The International Criminal Court on Monday issued a warrant for the arrest of Libyan leader Moammar Gadhafi and his son Seif al-Islam on charges relating to the deaths of civilians during the four-month-old rebellion. The charges center primarily around the initial weeks of the upheaval, when prosecutors allege he directly mandated the attacks. Libyan government spokesman Moussa Ibrahim rejected the arrest order, saying The Hague has “no legitimacy whatsoever,” adding that “[a]ll of its activities are directed at African leaders.”
On Monday, loud explosions believed to be caused by NATO air strikes shook the area near his Bab al-Aziziya compound, though Gadhafi himself is not believed to be staying there.
Speaking to reporters in Paris, French President Nicolas Sarkozy said, “Mr. Gadhafi knows perfectly well what he must do for peace to return. It only depends on him.”
Syrian Opposition Leaders Meet in Damascus
Almost 200 opposition figures met in Damascus Monday for meetings allowed by government officials, a move some said diluted the vision of protesters calling on President Bashar Assad to step down. Leaders at the meeting say no government representatives were involved in the talks.
According to The Associated Press, “[S]ome opposition figures and activists, both inside Syria and abroad, dismissed the meeting of 190 critics as an opportunity for the government to convey a false impression it’s allowing space for dissent, rather than cracking down.”
In a speech last week, Assad said he would pave the way for other political parties besides the Baath Party and deliver other reforms in an effort to appease the opposition movement.
The meeting included figures who had been imprisoned by the government for years.
Refugees continue to amass near the border and inside of neighboring Turkey amid crackdowns on restive towns in northern Syria.
4,000 Homes Flooded in Minot as Recovery Efforts Begin
(See video from North Dakota)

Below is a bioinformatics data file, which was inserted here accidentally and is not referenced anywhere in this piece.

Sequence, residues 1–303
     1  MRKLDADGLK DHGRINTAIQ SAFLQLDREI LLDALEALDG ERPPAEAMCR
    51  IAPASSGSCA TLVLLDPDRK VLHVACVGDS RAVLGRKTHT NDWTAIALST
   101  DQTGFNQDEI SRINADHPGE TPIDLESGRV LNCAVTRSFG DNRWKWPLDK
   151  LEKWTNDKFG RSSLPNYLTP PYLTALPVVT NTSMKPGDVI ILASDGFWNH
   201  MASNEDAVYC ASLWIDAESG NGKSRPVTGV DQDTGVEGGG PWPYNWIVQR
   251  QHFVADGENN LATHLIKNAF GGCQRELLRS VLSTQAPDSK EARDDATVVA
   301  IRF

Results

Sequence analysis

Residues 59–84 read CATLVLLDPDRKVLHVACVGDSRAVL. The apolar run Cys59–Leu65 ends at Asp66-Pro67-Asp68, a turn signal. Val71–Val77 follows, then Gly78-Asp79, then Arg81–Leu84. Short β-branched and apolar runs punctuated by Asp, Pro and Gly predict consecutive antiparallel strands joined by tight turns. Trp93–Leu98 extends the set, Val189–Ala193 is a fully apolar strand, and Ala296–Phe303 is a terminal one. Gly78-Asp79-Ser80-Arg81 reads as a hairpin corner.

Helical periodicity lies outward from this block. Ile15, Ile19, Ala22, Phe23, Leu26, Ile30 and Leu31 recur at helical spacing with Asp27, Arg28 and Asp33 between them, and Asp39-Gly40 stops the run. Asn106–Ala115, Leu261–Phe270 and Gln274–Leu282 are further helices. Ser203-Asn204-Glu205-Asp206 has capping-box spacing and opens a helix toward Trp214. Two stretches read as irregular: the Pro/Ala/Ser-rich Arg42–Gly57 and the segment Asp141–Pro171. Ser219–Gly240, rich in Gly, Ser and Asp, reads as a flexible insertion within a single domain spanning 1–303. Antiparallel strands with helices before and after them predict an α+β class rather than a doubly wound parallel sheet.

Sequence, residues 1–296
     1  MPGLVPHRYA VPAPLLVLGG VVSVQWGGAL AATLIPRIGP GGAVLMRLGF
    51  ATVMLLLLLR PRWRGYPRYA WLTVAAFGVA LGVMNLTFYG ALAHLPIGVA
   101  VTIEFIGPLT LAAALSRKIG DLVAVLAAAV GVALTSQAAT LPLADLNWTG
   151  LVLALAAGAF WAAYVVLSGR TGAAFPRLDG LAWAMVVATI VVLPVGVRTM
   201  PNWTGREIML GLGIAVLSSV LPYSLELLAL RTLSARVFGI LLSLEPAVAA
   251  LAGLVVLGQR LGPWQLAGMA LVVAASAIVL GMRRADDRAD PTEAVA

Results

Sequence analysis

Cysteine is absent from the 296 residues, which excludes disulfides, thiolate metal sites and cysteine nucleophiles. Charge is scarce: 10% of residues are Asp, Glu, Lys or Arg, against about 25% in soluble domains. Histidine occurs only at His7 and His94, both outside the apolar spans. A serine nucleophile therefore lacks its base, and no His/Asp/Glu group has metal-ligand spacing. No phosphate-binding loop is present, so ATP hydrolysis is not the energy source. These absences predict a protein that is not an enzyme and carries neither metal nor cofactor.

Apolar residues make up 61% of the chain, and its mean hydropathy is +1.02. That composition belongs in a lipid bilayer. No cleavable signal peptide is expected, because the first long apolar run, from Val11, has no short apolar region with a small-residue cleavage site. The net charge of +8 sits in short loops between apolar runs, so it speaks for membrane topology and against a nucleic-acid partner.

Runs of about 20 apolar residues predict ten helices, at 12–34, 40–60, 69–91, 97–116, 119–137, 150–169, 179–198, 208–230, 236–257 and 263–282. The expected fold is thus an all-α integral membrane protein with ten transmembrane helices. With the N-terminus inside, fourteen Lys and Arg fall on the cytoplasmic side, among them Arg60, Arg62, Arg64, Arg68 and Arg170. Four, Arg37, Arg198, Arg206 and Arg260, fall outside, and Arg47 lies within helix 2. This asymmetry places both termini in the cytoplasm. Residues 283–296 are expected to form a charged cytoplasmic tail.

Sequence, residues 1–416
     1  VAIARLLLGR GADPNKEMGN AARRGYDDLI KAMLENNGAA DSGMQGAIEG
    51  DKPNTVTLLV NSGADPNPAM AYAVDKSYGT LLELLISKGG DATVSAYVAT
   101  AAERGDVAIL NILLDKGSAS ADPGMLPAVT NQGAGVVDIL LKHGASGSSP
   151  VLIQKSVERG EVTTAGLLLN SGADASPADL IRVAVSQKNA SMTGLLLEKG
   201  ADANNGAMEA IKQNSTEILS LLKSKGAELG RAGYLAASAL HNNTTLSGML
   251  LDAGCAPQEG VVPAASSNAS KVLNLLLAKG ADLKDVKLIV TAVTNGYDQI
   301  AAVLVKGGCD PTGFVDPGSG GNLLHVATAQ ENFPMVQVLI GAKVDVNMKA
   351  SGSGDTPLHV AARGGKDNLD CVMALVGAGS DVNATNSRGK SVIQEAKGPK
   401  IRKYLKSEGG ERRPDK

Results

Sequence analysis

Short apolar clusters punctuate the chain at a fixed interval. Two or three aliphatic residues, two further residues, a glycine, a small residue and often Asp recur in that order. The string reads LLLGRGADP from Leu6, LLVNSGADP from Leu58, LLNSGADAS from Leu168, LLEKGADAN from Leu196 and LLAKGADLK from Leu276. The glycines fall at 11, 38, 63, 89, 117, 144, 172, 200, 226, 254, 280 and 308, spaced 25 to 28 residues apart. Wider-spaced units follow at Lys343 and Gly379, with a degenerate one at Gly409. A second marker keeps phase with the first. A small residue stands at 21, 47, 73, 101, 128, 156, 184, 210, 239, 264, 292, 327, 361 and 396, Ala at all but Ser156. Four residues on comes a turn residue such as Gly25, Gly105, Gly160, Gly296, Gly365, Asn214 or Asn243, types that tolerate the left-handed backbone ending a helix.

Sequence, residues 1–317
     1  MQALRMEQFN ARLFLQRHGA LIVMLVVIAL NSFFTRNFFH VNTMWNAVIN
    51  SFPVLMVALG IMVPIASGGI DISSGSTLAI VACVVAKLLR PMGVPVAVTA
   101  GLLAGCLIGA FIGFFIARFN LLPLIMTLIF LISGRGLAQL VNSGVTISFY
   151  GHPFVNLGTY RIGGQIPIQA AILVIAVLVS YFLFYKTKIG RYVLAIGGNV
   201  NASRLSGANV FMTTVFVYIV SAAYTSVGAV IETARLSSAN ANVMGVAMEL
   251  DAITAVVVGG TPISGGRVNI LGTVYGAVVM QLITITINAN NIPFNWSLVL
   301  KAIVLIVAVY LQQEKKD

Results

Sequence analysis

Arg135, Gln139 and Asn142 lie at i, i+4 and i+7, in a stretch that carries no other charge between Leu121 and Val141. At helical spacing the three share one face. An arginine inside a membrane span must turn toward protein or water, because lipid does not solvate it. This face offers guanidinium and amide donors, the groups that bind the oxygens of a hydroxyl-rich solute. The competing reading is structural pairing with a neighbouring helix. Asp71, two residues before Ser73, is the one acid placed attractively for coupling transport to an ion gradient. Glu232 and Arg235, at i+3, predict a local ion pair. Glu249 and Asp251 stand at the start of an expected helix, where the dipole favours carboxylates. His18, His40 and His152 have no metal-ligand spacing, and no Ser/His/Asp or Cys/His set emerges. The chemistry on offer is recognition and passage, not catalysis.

One day after the Souris River in Minot, N.D., crested at more than 1,561 feet above sea level Sunday morning — exceeding a record set in 1881 — residents are grappling with the aftermath of the extensive flooding, filling recovery centers and tapping into assistance programs. An estimated 4,000 homes had flood-related damage. Most of those homes were not insured for flood damage.
“We know that we have a tremendous recovery effort coming,” said Gov. Jack Dalrymple. It could take more than a month for water levels to recede.
Residents were told not to enter the evacuated area and to boil tap water before drinking it.
2 Troops Killed in Iraq; June the Deadliest Month for U.S. Troops in 2 Years
Two U.S. troops died in Iraq Sunday, bringing the total for the month of June to 11 and making it the deadliest month in two years. The news come as U.S. forces prepare to exit Iraq by the end of the year, and raise new questions about the uptick in violence directed at them. Iraqi officials have debated asking for an extension of that deadline.
Details of the attack were not formally released, but the deaths were believed to be a result of hostile action and to have taken place in Northern Iraq.
Also on Suday, a suicide bomber killed two police and injured 17 in an attack on a police station.